Date: May 16 2012
ALTHOUGH Australian racing's well-heeled players continue to invest millions of dollars on imported stayers in a bid to keep the $6 million Melbourne Cup at home, neither they nor the overseas visitors targeting the race can expect any favours from Racing Victoria Limited.
The industry's leaders yesterday said there would be no quota or protection system introduced to guarantee a specific number of locally trained or owned runners in the Cup, even though the Japanese, who quinellaed the race in 2006, were likely to return after a six-year absence and an even greater number of Europeans were expected to bid for glory at Flemington.
Neither would any financial incentives or a guarantee of a place in the field be offered to even the most highly regarded visitor.
The Cup will be open to all, said Racing Victoria's general manager of racing operations and chief handicapper, Greg Carpenter. The only criteria would be racetrack performance.
''There's no right to get a run. There's no provisions in the ballot for where you are owned, trained or have run. It's an open competition.''
Carpenter detailed a list of overseas horses recently acquired by Australian interests that could be aimed at the Cup. These included Beaten Up, a group 3 winner in England last year, Jakkalberry, purchased by Australian Thoroughbred Bloodstock and who ran third in Dubai earlier this year, OTI's Ibicenco, a former German galloper, and Vadamar, bought by Sheikh Fahad, who won the Cup last year with Dunaden.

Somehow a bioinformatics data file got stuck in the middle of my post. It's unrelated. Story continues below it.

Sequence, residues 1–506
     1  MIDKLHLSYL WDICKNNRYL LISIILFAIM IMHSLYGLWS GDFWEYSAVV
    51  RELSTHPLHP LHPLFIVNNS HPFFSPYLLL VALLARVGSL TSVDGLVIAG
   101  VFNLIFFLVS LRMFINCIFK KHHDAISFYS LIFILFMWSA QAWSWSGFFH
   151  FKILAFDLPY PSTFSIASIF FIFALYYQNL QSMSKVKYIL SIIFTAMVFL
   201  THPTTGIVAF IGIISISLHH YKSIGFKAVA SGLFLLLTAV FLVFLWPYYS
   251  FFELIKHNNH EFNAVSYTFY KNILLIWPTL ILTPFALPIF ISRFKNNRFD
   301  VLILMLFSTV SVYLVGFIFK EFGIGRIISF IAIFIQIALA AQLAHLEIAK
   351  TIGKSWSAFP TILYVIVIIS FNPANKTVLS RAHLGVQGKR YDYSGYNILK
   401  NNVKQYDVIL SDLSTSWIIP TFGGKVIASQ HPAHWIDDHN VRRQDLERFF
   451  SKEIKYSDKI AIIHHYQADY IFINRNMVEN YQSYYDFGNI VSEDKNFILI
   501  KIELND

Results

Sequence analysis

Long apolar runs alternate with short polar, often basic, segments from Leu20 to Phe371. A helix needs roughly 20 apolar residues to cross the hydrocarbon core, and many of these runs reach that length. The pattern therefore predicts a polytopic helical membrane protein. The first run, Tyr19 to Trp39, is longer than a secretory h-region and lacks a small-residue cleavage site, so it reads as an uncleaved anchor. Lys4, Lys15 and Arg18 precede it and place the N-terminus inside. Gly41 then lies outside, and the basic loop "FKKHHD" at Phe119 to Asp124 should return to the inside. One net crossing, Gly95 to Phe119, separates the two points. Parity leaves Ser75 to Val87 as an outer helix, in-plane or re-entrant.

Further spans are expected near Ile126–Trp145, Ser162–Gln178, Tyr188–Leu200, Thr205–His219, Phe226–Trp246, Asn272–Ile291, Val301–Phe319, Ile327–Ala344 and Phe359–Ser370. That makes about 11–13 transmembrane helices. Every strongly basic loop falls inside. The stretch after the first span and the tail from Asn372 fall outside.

Other potential contenders include former German-trained Val Mondo, and the former US horse Sanagas, who will go to Bart Cummings, and the South American group 2 winner Val Champ, both of whom have been purchased by BC3.
Crackerjack King, trained by Marco Botti and the winner of last year's Italian Derby, in which he beat subsequent Prix de l'Arc de Triomphe heroine Danedream, is another to have been bought by Australian Thoroughbred Bloodstock, but he is more likely to aimed at the Cox Plate.
''There are a lot of horses being targeted at the Cup, but some 50 per cent of them have no guarantee of getting into the race,'' Carpenter said. ''But the interest in our carnival has been extraordinary.''
While the doomsayers have prophesied that the internationalisation of the Cup could lead to three-quarters of the field comprised of foreign raiders, the prohibitive cost of getting a horse to Australia and the lack of certainty will deter all but the most determined, Carpenter contends.
■Leigh Jordon, RVL's international manager, and Michael Browell, chief executive of the Moonee Valley Racing Club, will be in Singapore this weekend where they hope to target trainers who might be tempted, not so much for the Melbourne Cup, but to the Cox Plate and other significant sprints and mile races during the spring carnival.
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